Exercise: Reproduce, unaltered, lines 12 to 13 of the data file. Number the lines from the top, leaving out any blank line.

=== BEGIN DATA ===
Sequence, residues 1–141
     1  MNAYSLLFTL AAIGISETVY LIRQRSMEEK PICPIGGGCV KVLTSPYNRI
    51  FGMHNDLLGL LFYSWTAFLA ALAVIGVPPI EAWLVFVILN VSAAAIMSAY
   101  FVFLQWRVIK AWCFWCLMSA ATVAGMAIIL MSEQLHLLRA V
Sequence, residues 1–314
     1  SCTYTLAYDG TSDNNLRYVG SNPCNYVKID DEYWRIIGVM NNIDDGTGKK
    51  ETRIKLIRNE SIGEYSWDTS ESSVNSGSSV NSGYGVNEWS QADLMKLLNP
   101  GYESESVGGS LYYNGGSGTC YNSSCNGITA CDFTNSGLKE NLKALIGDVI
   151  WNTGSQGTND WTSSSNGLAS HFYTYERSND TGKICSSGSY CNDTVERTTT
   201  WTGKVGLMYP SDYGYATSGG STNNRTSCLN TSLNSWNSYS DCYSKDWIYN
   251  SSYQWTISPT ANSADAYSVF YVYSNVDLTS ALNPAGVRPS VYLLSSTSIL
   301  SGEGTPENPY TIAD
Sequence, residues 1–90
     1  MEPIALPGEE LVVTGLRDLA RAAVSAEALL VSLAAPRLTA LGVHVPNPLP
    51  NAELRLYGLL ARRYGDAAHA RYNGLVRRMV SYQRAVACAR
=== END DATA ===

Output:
   301  SGEGTPENPY TIAD
Sequence, residues 1–90